Well, here’s a surprise (he wrote in sarcasm): while harassing Tea Party and other conservative groups –and interfering with their ability to participate in the 2012 elections, coincidentally enough– our public servants in the IRS decided it would be a good idea to audit veterans organizations, the members of which are largely opposed to the Obama administration.
From The Army Times:
A Kansas senator wants the IRS to explain why veterans groups are being asked to prove their members actually served in the military.
Sen. Jerry Moran, R-Kan., said he is “troubled” by an IRS rule that could make veterans service organizations provide DD-214 separation documents “for every member at posts around the country.”
The American Legion, the nation’s largest veterans group, has about 2.4 million members and 14,000 posts. Veterans of Foreign Wars, with 1.5 million members, is the nation’s second largest veterans group. It has more than 7,600 chapters
The policy that has Moran and others excited was published in January 2011 in an Internal Revenue Service Manual chapter covering tax-exempt veterans’ service organizations. Apparently, the policy is just now getting attention from veterans’ groups.
The tax code sets requirements for veterans groups to qualify for exempt status; for example, 75% must be current or former members of the Armed Services. That’s reasonable enough, but what has Moran and others up in arms is the apparent lack of notification to these groups that they have to provide DD-214s and that failure to comply can mean fines of up to $1,000 per day.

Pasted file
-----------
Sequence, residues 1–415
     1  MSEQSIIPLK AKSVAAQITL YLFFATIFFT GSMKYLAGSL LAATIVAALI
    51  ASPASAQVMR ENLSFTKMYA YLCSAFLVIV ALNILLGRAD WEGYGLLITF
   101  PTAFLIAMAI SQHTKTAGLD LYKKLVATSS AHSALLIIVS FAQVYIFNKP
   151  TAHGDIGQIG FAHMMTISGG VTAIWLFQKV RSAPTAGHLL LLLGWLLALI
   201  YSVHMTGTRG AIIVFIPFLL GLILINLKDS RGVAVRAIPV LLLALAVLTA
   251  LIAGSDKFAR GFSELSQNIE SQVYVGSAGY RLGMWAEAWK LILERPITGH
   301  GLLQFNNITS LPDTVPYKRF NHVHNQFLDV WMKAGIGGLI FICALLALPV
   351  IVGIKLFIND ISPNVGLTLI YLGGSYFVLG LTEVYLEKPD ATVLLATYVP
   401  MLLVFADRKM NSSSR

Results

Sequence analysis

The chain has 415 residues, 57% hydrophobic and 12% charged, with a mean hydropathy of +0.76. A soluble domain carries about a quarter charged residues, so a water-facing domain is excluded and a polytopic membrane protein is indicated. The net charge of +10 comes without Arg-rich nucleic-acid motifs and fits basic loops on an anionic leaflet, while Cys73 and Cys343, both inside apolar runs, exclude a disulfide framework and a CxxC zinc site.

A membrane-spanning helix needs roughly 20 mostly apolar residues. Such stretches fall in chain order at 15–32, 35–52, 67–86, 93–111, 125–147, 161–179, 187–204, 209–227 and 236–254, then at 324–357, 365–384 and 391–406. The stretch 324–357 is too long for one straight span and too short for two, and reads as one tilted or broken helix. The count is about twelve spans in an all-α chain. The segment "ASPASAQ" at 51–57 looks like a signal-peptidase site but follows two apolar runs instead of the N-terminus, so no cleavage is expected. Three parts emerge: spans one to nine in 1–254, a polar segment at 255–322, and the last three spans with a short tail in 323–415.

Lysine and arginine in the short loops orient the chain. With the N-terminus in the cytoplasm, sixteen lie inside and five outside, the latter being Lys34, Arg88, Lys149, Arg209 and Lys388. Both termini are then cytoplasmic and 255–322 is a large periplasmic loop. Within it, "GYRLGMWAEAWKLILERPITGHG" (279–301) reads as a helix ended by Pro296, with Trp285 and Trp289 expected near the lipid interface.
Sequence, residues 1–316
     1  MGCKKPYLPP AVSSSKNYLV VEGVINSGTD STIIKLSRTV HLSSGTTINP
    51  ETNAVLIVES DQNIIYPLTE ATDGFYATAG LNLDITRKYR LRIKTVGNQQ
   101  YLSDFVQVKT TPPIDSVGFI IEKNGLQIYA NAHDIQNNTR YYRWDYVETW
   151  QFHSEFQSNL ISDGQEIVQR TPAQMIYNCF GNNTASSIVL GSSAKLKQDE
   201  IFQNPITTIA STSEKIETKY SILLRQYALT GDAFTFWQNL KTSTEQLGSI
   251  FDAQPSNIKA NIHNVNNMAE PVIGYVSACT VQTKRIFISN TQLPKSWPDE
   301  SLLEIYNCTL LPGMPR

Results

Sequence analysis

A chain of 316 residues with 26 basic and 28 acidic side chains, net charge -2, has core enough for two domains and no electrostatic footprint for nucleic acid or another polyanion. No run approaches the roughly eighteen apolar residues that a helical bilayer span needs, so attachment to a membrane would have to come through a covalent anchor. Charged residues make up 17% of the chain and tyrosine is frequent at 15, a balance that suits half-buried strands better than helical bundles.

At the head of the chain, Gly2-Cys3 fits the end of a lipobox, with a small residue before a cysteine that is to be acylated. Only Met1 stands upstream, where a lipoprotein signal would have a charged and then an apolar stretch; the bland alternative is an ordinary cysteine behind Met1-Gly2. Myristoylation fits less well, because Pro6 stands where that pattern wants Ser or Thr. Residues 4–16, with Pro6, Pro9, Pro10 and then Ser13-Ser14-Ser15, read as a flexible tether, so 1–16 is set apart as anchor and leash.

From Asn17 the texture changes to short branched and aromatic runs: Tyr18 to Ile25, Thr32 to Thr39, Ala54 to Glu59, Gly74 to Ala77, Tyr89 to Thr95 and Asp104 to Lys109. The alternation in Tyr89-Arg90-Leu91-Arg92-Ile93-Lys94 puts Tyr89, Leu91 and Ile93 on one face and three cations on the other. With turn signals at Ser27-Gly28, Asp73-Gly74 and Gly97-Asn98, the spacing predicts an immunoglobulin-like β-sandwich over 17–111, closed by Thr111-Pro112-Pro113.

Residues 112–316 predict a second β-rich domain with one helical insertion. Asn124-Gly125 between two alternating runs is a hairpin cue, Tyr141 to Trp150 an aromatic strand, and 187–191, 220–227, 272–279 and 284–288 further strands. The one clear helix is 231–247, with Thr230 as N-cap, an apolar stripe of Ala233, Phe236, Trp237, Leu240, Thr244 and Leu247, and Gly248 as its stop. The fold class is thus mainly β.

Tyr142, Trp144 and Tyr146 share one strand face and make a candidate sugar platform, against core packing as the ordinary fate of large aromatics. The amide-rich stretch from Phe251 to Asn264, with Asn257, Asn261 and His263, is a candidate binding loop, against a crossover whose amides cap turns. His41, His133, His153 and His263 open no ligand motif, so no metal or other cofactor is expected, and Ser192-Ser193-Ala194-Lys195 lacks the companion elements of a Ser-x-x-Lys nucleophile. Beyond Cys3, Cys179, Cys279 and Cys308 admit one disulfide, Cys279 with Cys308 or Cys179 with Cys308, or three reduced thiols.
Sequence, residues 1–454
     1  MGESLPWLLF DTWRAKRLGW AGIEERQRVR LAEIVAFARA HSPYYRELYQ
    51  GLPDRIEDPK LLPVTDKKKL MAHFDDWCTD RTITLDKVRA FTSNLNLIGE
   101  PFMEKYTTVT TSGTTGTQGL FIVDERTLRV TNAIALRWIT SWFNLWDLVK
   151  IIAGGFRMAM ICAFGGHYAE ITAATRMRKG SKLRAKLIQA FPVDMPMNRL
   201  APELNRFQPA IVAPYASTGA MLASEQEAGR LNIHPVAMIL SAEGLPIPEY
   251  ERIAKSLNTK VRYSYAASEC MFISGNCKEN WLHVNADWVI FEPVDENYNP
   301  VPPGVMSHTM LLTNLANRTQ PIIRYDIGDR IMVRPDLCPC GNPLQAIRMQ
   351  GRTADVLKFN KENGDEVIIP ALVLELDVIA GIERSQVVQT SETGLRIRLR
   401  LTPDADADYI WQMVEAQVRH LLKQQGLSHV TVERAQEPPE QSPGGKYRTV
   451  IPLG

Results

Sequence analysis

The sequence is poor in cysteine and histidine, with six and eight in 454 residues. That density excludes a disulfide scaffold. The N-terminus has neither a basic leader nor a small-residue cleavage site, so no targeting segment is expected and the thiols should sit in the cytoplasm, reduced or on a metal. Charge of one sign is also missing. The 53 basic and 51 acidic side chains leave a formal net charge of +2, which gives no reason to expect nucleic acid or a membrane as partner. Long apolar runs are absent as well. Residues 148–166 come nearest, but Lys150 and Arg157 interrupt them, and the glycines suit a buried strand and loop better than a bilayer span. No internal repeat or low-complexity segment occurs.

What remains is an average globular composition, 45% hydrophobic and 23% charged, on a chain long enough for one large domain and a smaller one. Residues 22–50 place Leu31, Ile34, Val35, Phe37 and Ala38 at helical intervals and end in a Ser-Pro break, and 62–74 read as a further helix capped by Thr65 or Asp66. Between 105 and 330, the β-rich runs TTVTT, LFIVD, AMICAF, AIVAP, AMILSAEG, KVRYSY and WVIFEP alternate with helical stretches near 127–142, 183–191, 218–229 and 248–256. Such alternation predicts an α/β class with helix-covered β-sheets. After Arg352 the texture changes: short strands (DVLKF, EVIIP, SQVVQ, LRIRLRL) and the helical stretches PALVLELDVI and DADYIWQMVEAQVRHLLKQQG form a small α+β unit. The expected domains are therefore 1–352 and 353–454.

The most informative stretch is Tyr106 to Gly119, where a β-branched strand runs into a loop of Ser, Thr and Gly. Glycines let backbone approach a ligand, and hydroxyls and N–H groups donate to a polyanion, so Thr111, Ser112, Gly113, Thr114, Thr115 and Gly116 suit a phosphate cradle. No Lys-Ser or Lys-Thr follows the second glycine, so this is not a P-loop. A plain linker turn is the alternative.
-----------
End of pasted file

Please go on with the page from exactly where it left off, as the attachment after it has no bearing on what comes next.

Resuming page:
As you can imagine, American Legion, VFW, and other groups are pretty upset, and Moran has some questions for IRS Acting Commissioner Werfel that he wants answered. Now.
From Bridget Johnson at PJM:
- What legal authority does the IRS have in carrying out a mandate for personal, military service records? Was this mandate reviewed by IRS general counsel? Please provide documentation that gives the IRS the authority to collect this information;
- Under whose leadership was this mandate initiated, for what direct purpose, and who had approving authority for this mandate?;
- Were veteran service organizations ever specifically notified of the requirement? If so, please provide the documentation that was issued to these organizations. If not, please explain why organizations were not notified; and
- Is it true that an organization unable or unwilling to provide this information could be charged penalty fees of $1,000 per day? Please provide clarification regarding the penalty for noncompliance.
I can see auditing groups about which there have been reports of fraud. But that would be on an individual, case-by-case basis when there’s been credible reports of a violation. But this kind of blanket “prove to us you’re not doing anything wrong” sweep looks like more of the “We don’t like small-government/conservative types, so we’re going to make their lives miserable” arrogance that we’ve seen plenty of already from our “Lois Lerner” bureaucracy. Rather than a conspiracy, it seems like Leviathan has developed an attitude problem towards their bosses — us.
And it looks like an attitude adjustment is in order.
PS: But I do want to thank the IRS for handing every Republican candidate in veteran-heavy areas even more wonderful material for campaign commercials. You guys are the bestest!
(Crossposted at Sister Toldjah)